In the line "SET @sqlquery", try casting your @intID to an NVARCHAR(255).
EDIT - re-read your post and I see you tried this already. Is it giving the same error when you do the convert? What about if you cast instead of convert?
EDIT2 - I just tried this which does basically what you are doing, but doesn't actually execute the dynamic SQL:
DECLARE @strTableName NVARCHAR(255) = 'TEST1',@strFieldName NVARCHAR(255)='TEST2', @strStringToEncrypt NVARCHAR(255)='TEST3', @intID INT=10
DECLARE @SQLQuery AS NVARCHAR(500)
SET @SQLQuery = N'UPDATE dbo.AAA_' + @strTableName + ' SET [' + @strFieldName + '] = EncryptByKey(Key_GUID(''EncryptPIIKEY''), ''' + @strStringToEncrypt + ''') Where [ID] = ' + CONVERT(NVARCHAR(255),@intID)
and it returns exactly what I am expecting.
Why I would spend a bit more time on building up a proper fix:
Now, I do agree 110% about the SQL injection comments that Erland mentioned. For example, lets say somebody figures out the SQL query that is being run when they call the stored procedure. Knowing that, it would be pretty easy to manipulate it to do whatever you wanted. For example, lets assume there is no syntax errors (column names, table names, etc); this could be a value in @strTableName and all the other input variables were "0" (zero):
Table1 SET col1=col1; DROP DATABASE testDB; --
So your dynamic SQL would be:
UPDATE dbo.AAA_Table1 SET col1=col1; DROP DATABASE testDB; -- SET  = EncryptByKey(Key_GUID(EncryptPIIKEY),'0') WHERE [ID] = 0
Reading that, it would update all rows in table AAA_Table1 with the same value (so you should have no errors from that), then drop the database. Everything else would be a comment.
I do agree that the encryption COULD be done client side, but since you say "VBA" it makes me think this is something embedded in an office document (Excel?). And in that case, I would prefer to encrypt on the database side. I would do some sort of validation on all input strings though either on the database side OR the application side. The problem with doing the data validation is that you may not think of every possible case where things could go sideways. For example, if you fail the SP on a space being found in any parameter, they just do commands without space or with newlines in there or tabs... there is almost always a way around it when you do dynamic SQL.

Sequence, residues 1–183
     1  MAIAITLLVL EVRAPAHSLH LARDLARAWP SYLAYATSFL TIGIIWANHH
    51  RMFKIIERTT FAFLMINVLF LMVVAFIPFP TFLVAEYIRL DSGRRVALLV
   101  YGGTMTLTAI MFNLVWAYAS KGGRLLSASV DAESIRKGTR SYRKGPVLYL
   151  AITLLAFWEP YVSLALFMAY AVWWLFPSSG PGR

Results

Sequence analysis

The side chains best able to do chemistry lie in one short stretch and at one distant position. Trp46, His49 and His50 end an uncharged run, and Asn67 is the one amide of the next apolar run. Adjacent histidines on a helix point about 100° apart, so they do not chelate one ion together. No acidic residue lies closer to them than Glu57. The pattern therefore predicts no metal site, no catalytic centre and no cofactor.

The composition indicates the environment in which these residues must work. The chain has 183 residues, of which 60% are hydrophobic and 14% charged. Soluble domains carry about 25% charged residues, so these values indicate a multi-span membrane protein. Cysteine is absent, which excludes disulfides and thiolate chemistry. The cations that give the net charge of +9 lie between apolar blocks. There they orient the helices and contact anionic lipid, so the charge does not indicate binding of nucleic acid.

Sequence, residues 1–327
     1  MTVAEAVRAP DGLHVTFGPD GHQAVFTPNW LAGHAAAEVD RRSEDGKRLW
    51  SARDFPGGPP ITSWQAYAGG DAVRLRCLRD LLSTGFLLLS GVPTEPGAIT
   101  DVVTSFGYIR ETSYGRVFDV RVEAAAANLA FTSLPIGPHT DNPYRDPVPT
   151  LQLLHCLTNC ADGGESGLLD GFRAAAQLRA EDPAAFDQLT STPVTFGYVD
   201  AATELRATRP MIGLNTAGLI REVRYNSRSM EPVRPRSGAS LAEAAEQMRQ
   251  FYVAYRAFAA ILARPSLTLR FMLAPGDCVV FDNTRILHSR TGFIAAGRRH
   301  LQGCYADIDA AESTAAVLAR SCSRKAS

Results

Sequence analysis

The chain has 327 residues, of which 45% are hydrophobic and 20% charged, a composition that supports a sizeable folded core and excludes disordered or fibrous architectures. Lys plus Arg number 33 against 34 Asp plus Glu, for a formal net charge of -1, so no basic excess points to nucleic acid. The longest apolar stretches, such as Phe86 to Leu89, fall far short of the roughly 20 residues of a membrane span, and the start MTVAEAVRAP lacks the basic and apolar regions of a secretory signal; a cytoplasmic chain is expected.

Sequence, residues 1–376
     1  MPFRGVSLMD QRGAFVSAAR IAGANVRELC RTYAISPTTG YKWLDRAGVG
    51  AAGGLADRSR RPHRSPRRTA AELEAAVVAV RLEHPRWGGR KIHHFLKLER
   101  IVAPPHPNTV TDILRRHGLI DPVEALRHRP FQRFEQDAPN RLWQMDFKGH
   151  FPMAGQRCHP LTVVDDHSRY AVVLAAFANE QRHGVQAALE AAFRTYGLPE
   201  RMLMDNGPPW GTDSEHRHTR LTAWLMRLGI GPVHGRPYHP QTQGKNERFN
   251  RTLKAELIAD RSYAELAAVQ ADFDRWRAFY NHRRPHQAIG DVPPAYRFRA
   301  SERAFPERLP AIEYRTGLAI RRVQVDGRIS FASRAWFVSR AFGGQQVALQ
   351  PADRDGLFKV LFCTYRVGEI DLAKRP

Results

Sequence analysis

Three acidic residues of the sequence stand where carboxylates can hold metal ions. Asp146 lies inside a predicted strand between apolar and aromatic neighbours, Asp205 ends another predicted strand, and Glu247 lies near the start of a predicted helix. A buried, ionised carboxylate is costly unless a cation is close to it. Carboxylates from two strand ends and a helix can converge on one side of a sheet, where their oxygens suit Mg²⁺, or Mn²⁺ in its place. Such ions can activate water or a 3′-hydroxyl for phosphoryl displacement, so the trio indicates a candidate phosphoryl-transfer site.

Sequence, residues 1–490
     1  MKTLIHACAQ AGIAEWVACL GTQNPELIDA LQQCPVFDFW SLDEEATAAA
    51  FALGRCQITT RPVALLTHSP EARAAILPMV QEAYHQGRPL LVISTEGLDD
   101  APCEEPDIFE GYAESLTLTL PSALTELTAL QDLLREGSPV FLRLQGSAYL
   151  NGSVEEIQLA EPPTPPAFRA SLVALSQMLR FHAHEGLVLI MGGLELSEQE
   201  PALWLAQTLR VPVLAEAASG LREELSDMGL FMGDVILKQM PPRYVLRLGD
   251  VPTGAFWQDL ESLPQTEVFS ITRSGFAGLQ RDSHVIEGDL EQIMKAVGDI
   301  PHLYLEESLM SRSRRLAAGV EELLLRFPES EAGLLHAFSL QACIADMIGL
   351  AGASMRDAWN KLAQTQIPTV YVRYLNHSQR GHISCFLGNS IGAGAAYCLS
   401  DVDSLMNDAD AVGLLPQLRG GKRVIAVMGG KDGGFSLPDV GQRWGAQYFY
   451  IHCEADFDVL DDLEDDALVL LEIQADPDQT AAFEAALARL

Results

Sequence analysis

Fixing the syntax error is not hard as it is just the way SQL does the data type conversions. If there is an INT in the value, it tries to convert the whole thing to int. For example:
DECLARE @int INT = 10
DECLARE @char CHAR(2) = '10'
SELECT @int, @char
Will succeed, but it will be implicitly converting @char to the data type int. You can verify this by changing the value of @char to be '1A' and you will get the error about converting the VARCHAR value '1A' to data type int. Now, why SQL thinks it is a VARCHAR when it is clearly a CHAR, I am not certain, but is also outside the scope of your question.